Although the hype was slow to infiltrate Japan, famous bubble tea shops have set up shop in Tokyo in the past few years, attracting steady streams of sweet tooth customers.
[caption id="" align="alignnone" width="1600"] Image via Nakamura Mariko/Play Life[/caption]
More than just a tasty drink
Moeko Ohno, a representative director of a consulting firm that deals with workplace relationships, was so fascinated with the hype around bubble tea -- called "tapioca milk tea" in Japan -- that she looked into the reasons why people, especially the young, are obsessed with it.
Writing on Japan's leading business news media Tokyokeizai Online, Ohno acknowledged that while the hype has definitely got to do with how great tasting bubble tea is, there are some other underlying reasons as to its popularity.
Here are the reasons she gave.
1. People with little confidence in themselves buy bubble tea as they want to feel validated
Ohno said that for impressionable youngsters whose worldview might be limited to just their schools, the influence their peers wields over them is enormous.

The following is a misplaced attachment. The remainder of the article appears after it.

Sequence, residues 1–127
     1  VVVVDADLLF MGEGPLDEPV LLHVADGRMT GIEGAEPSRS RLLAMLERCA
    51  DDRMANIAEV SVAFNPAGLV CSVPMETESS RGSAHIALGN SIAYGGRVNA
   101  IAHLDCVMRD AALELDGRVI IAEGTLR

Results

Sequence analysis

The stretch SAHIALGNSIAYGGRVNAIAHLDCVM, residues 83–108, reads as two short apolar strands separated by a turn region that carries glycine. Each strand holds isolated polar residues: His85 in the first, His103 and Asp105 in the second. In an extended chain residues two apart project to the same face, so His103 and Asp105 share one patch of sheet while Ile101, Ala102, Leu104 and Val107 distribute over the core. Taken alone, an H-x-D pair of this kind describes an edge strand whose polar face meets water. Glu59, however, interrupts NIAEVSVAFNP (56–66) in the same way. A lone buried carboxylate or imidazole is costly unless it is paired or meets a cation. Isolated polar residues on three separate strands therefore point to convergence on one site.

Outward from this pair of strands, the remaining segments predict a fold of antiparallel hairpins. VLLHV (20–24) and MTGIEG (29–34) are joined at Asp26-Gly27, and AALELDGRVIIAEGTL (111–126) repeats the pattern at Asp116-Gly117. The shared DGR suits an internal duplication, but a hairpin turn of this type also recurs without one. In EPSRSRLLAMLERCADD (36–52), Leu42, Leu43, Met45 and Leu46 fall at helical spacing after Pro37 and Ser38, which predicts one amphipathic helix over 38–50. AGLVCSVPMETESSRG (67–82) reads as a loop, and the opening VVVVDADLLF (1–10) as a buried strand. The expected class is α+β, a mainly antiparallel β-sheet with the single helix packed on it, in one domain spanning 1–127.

And young people might not have found a sense of self yet, or be sufficiently confident in themselves, therefore, making it easy for them to be swayed by others, she said.
So, queuing up for bubble tea, just like what a whole bunch of other people are doing, allows them to gain confidence because they are engaging in an activity that the majority is involved with.
Therefore, "joining the queue is proof to oneself that his or her behaviour is not out of the norm," Ohno said.
For those who are doubtful, Ohno did clarify that she is not saying a person has no confidence if he or she buys a cup of bubble tea.
Rather, a lack of confidence is one of the factors that lead people to want to queue up to get a cup of bubble tea.
She added that with the prevalence of social media, people are prone to posting images of things that are trending at the moment, as they are then able to feel a sense of self-validation of sorts when they receive plenty of "likes" for their posts.
2. People get a sense of security from doing something that so many others are doing
In addition, Ohno said that by queuing up, people can get a sense of security from being part of the majority.
Also, she said that presently, people value individualism more, and there are less situations where people can get together as a team.
And this makes people long for a sense of connection to others, which can be found by joining the queue, she said.
According to Ohno, a great deal of the psychology behind buying bubble tea, at least for Japan -- a society that some would say is rather conformist -- is due to the desire to fit in with the majority and feel self-validated.
Who knew so much could be gleaned from the simple act of getting a tapioca pearl-filled milk tea drink.
Top image via MTRL